Sotheby’s quadruple recent results and Christie’s celebrate boost too: Barely a month after its former chairman and chief executive were sentenced in a New York court, Sotheby’s bounced back in their Manhattan saleroom on May 8 with a $126m (£88.7m) Part I auction of Impressionist and Modern Art.
This premium-inclusive total, achieved from 55 lots of which just three failed to find buyers, almost quadrupled the modest $33.1m (£23.2m) achieved at the equivalent sale in November when Sotheby’s were still mired in US anti-trust litigation.
Consignors clearly felt confident that now was a good time to sell quality material. With Bernard Arnault – and his cheque book – bowing out of the Impressionist and Modern market, Sotheby’s were able to include two prestigious single owner collections in their Part I sale.
Paintings from the collection of the Swedish couple Grace and Philip Sandblom generated $30.5m (£21.5m), led by the sale-topping $15.25m (£10.7m) achieved for Paul Cézanne’s 1890-93 canvas Pichet et Assiette de Poires and the record $7.7m (£5.4m) for Juan Gris’ 1915 cubist still life Le Pot de Geranium.
Earlier in the sale Alberto Giacometti’s 1954 bronze, Grande Tête de Diego – the most valuable of nine lots entered by the Californian collectors Samuel and Luella Maslon – had inspired a spontaneous round of applause when it soared to $12.5m (£8.8m) against an estimate of $5-7m.
Underlining the importance of named private collections, the Maslon lots contributed $31.7m (£22.3m) to Sotheby’s total.
There had also been signs of renewed confidence on May 7 at Christie’s Part I sale where Constantin Brancusi’s superbly preserved and provenanced 1913 gilt bronze sculpture Danaïde created what auctioneer Christopher Burge called “an explosive and exciting start to the new season” when it sold for $16.5m (£11.6m).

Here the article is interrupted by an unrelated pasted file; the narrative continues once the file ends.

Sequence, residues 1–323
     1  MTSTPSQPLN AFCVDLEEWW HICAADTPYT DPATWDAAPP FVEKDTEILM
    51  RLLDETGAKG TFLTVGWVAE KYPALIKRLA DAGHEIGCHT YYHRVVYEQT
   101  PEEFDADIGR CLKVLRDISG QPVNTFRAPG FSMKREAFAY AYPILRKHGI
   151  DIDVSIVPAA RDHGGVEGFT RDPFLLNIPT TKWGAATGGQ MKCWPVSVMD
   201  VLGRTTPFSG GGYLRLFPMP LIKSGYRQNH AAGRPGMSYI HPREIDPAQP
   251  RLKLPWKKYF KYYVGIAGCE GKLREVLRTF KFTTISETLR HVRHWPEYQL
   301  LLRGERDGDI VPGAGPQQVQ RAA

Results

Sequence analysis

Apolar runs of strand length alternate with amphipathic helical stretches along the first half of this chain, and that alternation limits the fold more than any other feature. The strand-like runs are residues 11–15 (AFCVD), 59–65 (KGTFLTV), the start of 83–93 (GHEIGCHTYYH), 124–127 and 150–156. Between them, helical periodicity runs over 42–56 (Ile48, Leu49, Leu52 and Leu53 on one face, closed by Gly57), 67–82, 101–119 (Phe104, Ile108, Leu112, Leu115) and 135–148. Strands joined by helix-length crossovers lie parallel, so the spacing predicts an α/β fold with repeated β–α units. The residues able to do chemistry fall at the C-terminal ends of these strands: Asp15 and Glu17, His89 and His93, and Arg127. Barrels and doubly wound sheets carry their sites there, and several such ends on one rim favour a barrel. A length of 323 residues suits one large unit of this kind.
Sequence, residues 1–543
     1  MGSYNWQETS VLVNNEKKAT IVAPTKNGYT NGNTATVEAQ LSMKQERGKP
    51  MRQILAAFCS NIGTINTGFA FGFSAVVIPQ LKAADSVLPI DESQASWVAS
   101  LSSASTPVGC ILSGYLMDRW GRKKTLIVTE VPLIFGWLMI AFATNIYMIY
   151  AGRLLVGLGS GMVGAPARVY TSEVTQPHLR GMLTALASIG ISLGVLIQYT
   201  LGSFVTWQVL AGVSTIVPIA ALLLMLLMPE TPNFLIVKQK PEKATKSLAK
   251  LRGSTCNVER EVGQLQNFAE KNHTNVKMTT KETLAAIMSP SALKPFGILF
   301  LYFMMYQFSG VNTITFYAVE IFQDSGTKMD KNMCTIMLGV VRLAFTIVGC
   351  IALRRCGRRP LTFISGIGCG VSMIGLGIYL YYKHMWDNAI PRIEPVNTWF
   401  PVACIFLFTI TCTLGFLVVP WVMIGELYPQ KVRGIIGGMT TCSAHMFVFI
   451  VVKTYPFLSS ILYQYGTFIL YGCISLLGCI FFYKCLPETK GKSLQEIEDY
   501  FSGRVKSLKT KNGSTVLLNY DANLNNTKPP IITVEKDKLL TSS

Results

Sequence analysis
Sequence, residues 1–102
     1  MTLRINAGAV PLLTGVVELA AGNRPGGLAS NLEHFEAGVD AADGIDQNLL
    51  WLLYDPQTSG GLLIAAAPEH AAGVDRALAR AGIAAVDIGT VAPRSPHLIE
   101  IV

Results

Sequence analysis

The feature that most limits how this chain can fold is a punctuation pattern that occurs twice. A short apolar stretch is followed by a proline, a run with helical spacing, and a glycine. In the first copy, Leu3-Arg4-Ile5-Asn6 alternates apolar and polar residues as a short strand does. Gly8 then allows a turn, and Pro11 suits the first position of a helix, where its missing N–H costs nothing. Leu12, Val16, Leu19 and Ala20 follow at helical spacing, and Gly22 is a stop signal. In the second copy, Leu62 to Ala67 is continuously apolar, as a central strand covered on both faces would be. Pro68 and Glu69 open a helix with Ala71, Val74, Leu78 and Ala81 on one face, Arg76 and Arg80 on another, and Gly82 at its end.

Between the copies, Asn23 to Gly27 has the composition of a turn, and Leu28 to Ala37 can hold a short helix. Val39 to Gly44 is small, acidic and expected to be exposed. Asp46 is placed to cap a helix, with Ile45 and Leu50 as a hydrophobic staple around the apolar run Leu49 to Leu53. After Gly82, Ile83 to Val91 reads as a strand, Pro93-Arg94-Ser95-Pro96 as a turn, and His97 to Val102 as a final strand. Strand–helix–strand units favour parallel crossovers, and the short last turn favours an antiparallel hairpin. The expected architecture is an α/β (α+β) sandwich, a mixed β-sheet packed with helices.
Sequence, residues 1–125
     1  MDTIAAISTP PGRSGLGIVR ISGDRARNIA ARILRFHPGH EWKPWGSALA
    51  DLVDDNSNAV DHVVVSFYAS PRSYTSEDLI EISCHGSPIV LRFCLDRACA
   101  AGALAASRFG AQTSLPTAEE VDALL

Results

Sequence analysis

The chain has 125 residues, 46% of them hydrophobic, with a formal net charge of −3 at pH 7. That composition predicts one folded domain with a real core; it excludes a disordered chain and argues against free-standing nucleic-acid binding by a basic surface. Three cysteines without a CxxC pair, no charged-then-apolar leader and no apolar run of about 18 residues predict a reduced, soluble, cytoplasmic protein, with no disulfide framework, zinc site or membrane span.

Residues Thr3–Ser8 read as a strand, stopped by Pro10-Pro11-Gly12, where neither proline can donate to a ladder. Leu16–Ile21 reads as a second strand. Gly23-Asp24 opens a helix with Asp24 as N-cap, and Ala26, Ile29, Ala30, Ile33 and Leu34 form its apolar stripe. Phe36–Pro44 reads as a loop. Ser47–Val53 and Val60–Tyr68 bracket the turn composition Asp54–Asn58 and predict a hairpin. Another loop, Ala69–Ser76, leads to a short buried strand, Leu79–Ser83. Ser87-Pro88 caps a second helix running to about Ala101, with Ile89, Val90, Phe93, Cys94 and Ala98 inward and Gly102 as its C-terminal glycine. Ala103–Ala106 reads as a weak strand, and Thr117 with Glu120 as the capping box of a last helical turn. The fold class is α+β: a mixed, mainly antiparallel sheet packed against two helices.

The price, which was the highest of the sale and the highest for any sculpture sold at auction, was double the lower estimate. Christie’s also achieved a new record for René Magritte, the iconic and never previously auctioned 1952 oil, L’empire des lumières, selling for $11.5m (8.1m).
Here, however, Christie’s could not offer a named single owner collection and their final premium-inclusive total of $97.6m (£68.7m) from 46 lots (13 were left unsold) was slightly down on the $109m (£76.7m) achieved at their November sale, which included the superlative René Gaffé Collection.
Nonetheless, despite the absence of such truly stellar collections, the overall volume of $223.6m (£157.4m) generated by Sotheby’s and Christie’s Part I Impressionist and Modern sales was just $18.5m (£13m) down on the total
generated in New York last November, when an Arnault-backed Phillips de Pury Luxembourg held its heavily guaranteed Smooke Collection sale.
Normal service would appear to have been resumed – almost.
Exchange rate £1 = $1.42
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